Eccentricity is often associated with genius, intellectual giftedness, or creativity. People may perceive the individual's eccentric behavior as the outward expression of their unique intelligence or creative impulse.[2] In this vein, the eccentric's habits are incomprehensible not because they are illogical or the result of madness, but because they stem from a mind so original that it cannot be conformed to societal norms. English utilitarian thinker John Stuart Mill (1806–1873) wrote that "the amount of eccentricity in a society has generally been proportional to the amount of genius, mental vigour, and moral courage which it contained",[3][4] and mourned a lack of eccentricity as "the chief danger of the time".[5] Edith Sitwell (1887–1964) wrote that eccentricity is "often a kind of innocent pride", also saying that geniuses and aristocrats are called eccentrics because "they are entirely unafraid of and uninfluenced by the opinions and vagaries of the crowd".[6] Eccentricity is also associated with great wealth — what would be considered signs of insanity in a poor person, some may accept as eccentricity in wealthy people.[7]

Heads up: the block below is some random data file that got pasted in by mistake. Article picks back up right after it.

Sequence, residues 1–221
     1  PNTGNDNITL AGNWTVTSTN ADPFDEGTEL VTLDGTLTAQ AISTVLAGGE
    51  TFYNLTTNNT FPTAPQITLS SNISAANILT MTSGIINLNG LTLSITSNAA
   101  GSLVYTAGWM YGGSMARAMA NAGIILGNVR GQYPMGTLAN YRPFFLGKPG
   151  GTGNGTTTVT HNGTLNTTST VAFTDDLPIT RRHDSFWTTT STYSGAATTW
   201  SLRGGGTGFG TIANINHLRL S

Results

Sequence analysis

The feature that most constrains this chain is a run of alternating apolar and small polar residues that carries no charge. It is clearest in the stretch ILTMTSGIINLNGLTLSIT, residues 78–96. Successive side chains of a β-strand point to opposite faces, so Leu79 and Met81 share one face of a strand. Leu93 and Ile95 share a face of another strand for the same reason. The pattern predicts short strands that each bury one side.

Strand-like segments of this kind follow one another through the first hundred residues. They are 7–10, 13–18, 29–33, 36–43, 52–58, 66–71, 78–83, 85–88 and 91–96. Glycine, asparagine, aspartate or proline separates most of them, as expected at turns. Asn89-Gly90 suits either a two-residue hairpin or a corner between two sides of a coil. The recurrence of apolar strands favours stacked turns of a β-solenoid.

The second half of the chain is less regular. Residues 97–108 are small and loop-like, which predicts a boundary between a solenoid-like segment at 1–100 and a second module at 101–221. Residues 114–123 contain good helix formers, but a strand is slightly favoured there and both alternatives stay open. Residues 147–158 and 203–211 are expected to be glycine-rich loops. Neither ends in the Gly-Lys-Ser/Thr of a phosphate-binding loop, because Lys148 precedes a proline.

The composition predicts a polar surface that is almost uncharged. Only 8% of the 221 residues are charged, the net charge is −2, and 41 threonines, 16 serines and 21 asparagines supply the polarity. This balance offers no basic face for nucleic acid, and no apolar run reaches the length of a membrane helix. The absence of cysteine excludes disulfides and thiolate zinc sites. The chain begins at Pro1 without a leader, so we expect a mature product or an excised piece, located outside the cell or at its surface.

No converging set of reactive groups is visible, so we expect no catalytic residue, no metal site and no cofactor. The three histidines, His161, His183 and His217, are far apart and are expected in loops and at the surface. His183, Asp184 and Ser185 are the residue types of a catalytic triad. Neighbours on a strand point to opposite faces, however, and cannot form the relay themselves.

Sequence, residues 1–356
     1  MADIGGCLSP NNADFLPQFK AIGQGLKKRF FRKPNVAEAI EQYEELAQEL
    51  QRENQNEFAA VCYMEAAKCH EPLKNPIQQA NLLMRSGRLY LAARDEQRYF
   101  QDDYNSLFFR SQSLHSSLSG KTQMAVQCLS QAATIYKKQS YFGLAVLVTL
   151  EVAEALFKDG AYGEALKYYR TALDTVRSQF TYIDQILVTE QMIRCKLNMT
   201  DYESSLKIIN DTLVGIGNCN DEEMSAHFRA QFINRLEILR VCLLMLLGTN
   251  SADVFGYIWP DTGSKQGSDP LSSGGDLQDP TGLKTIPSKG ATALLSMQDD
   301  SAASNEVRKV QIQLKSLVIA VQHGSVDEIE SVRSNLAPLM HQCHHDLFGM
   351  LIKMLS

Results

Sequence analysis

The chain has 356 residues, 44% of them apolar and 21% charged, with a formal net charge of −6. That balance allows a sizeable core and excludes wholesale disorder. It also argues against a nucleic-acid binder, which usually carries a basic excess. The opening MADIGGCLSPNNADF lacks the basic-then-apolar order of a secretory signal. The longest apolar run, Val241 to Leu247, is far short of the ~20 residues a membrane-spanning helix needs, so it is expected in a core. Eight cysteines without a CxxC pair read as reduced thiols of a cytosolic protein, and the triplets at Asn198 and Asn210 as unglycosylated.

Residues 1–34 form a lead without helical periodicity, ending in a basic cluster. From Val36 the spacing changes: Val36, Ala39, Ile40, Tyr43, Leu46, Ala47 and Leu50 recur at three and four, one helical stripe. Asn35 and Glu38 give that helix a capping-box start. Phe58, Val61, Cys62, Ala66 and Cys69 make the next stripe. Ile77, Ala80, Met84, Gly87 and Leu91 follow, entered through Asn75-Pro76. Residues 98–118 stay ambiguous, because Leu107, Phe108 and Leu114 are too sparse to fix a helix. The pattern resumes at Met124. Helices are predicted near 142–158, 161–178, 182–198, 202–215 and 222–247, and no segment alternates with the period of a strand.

Comparison to considerations of normality

Evidence of whimsically eccentric behavior: large cabbage leaves purposefully and humorously placed on a neat row of traffic cones in the Dovercourt neighborhood of Toronto.

A person who is simply in a "fish out of water" situation is not, by the strictest definition, an eccentric since (presumably) they may be ordinary by the conventions of their native environment.[citation needed]